Need an Adderall Prescription? Good Luck Getting It Over Telehealth.

On Friday, the DEA unveiled a plan to restrict doctors' ability to prescribe controlled drugs over telehealth.


Last week, the Biden administration proposed new regulations on doctors' ability to prescribe certain medications via telehealth, a policy suggestion that the administration framed as necessary to combat the opioid epidemic and prevent unnecessary prescriptions of controlled drugs. However, the proposed change would also make obtaining necessary—even life-saving—drugs more difficult, especially for those living in rural areas.

During the early stages of the COVID pandemic, the Drug Enforcement Administration (DEA) temporarily lifted restrictions on doctors' ability to write prescriptions for controlled drugs via telehealth. However, the agency is poised to bring telehealth under regulation again, bringing back strict limits on how and when doctors can prescribe certain drugs.

DEA officials announced the proposed regulations on Friday. The rules would render most controlled drugs ineligible for prescription via telemedicine appointment—severely restricting patients' ability to obtain drugs without an in-person examination.

"DEA is committed to the expansion of telemedicine with guardrails that prevent the online overprescribing of controlled medications that can cause harm," DEA Administrator Anne Milgram said in a Friday press release.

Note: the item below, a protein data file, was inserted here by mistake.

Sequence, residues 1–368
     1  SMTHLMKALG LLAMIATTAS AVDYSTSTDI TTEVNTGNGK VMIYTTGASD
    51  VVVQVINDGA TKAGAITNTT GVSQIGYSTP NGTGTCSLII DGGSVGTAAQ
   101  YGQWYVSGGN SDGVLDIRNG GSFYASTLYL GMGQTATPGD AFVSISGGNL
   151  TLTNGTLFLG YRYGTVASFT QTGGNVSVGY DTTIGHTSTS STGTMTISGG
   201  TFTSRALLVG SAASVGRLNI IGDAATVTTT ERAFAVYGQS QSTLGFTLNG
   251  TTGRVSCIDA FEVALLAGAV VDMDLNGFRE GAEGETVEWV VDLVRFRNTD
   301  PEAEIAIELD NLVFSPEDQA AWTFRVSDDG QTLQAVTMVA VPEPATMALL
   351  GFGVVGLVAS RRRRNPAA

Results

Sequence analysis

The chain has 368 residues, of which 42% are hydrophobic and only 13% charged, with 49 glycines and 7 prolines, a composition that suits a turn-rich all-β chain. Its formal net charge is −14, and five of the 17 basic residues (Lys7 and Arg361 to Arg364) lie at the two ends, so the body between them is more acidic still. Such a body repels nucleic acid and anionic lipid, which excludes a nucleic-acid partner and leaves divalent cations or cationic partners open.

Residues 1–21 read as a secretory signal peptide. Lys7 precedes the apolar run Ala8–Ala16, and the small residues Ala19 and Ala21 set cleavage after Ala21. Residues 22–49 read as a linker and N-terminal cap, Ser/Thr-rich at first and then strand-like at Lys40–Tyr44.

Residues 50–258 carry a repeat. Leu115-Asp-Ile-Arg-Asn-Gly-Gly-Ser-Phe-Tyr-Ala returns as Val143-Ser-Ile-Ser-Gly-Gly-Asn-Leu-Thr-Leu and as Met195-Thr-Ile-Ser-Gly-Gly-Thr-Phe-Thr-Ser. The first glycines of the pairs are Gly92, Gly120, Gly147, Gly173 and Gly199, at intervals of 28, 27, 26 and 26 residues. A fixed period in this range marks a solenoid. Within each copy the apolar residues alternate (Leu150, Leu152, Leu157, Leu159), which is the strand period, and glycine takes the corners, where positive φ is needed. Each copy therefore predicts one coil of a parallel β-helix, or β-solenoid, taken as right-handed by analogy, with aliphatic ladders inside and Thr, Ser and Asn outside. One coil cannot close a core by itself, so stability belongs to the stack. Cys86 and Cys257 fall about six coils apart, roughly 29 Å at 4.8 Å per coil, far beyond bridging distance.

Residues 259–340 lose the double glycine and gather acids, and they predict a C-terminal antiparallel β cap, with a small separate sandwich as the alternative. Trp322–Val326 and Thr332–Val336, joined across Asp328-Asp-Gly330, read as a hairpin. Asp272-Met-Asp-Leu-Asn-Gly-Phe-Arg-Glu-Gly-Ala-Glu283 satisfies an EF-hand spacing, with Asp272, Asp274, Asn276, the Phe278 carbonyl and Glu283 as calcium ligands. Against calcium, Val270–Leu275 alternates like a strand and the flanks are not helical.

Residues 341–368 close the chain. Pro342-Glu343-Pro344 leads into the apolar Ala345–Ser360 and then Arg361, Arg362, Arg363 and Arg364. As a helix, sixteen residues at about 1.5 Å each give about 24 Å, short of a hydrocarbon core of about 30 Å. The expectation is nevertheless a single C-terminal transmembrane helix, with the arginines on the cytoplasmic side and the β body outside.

However, the proposal contains several carve-outs. Under the policy, Schedule III-V controlled medications can still be prescribed via telemedicine. But patients would be limited to a 30-day supply, after which the patient would be required to have an in-person visit in order to get a refill. The same exception applies to buprenorphine, a drug used to treat opioid substance abuse. Further, under the proposed rule, patients can get indefinite prescriptions for controlled substances via telehealth but only if they are referred to a telehealth physician after receiving an in-person examination by another doctor.

The proposed rule would affect all "controlled" prescription drugs, a wide range of drugs including not only opioids like oxycodone and Vicodin but also other drugs like Adderall for ADHD and Ambien for insomnia. The proposed changes will go into effect in mid-May, immediately after the announced end of the COVID-19 national emergency.

Officials justified the regulations by citing concerns over the risk of overprescription of controlled drugs. While administration officials did mention the benefits that telehealth services bring to rural Americans, there is little consideration of how these services are equally important to many who rely on controlled drugs—and the increased risk that desperate patients will turn to significantly more dangerous drugs to alleviate their symptoms.

"As a health policy lawyer w. chronic pain & ADHD, I cannot overstate how unnecessary & cruel this policy is given what visits look like in person v. Telehealth," wrote health policy lawyer Madeline T. Morcelle on Twitter. "Or how deadly this could be for those who struggle to get to [appointments] due to disability or transport/geographic barriers."